West Point pillow fight ends with concussions, broken bone.

Annual West Point Pillow Fight Ends With Concussions, Broken Leg as 30 Cadets Injured

Annual West Point Pillow Fight Ends With Concussions, Broken Leg as 30 Cadets Injured

The Slatest
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Sept. 5 2015 11:41 AM

West Point Pillow Fight Ends With Concussions, Broken Leg as 30 Cadets Injured

pillow
A screen capture of a video posted on YouTube of the annual event.

An annual pillow fight by freshmen cadets at the United States Military Academy turned bloody last month when many apparently chose to pack hard objects into their pillowcases, leading to 30 people injured, including 24 with concussions. The “weaponized” pillows, which seem to have been packed with helmets, “split lips, broke at least one bone, dislocated shoulders and knocked cadets unconscious,” the New York Times reports.  One cadet reportedly was taken away by ambulance and students say had yet to return to school but an academy spokesman said that wasn’t the case, insisting all cadets had returned to duty.

Video of the fight shows many cadets were not wearing the required helmet.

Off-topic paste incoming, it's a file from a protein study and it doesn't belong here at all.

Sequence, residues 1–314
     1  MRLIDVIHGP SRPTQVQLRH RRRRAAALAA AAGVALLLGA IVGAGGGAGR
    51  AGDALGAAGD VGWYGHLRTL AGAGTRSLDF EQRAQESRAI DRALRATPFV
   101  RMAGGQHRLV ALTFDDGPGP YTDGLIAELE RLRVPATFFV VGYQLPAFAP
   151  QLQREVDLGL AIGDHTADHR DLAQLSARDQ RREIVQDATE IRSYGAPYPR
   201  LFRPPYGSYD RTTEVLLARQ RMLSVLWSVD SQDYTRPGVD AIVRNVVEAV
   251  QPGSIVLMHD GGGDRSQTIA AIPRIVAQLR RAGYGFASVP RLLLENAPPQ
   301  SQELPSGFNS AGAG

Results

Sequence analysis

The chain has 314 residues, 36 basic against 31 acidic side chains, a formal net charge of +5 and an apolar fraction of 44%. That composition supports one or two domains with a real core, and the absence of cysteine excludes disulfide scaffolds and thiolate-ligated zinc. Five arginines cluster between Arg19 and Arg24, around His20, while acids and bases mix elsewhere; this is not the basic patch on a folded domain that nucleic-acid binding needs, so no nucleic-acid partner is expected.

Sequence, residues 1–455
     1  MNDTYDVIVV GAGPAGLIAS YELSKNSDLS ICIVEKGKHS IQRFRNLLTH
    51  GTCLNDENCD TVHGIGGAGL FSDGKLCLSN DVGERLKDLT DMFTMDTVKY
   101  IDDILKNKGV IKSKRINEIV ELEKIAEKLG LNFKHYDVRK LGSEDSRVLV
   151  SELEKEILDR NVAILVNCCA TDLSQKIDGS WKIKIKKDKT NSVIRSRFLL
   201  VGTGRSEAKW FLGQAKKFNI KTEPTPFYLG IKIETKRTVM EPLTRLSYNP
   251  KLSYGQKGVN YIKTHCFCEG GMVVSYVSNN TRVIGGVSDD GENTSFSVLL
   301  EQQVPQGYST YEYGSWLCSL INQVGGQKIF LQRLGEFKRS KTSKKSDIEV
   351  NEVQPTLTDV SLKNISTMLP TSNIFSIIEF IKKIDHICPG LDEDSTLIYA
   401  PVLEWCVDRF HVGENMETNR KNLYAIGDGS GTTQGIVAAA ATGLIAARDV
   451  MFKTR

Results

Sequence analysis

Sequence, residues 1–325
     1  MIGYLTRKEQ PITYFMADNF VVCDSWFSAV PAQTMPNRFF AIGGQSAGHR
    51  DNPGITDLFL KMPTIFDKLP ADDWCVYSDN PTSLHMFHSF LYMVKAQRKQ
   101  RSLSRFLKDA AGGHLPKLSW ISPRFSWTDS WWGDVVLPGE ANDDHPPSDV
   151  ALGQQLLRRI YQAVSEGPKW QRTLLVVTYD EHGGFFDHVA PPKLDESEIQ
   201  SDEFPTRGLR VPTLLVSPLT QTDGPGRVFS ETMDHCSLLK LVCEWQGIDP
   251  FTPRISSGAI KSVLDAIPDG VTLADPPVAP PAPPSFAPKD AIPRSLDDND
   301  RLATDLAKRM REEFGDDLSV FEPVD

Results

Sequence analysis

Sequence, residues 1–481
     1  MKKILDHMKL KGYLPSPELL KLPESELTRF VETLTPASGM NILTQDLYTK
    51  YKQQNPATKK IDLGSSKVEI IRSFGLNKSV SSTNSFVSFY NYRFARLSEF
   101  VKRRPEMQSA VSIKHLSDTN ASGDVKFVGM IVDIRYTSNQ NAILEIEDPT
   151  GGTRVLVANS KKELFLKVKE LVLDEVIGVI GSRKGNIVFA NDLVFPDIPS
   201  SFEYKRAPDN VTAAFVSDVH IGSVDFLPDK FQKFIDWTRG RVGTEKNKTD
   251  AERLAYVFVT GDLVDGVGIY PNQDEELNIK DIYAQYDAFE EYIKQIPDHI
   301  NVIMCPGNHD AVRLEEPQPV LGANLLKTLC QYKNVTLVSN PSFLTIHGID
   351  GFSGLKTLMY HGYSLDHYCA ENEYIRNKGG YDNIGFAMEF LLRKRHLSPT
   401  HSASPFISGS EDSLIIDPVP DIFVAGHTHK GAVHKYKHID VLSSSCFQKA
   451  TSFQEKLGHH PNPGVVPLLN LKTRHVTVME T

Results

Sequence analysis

Although talk of the August 20 pillow fight getting a bit too intense had been circulating on social media, the Times only received official confirmation on the injuries from West Point on Thursday. No one has been punished over the incidents that marred what is an annual tradition that is supposed to build camaraderie. Inside West Point, many didn’t seem too bothered. “At first the body count, people were joking about it,” a female first-year cadet said. “My friends were really excited. And right after, when we learned how many people had gotten hurt, everyone felt totally hard-core. I know it looks weird from the outside, but it really bonds us.” This is hardly the first time a pillow fight turns dangerous at West Point. In 2012 a student put a lockbox in his pillowcase, which led the 2013 fight to be called off.

Someone posted a video of the annual event on YouTube to music that shows just how massive of a pillow fight we’re talking about here.

Daniel Politi has been contributing to Slate since 2004 and wrote the Today’s Papers column from 2006 to 2009. Follow him on Twitter.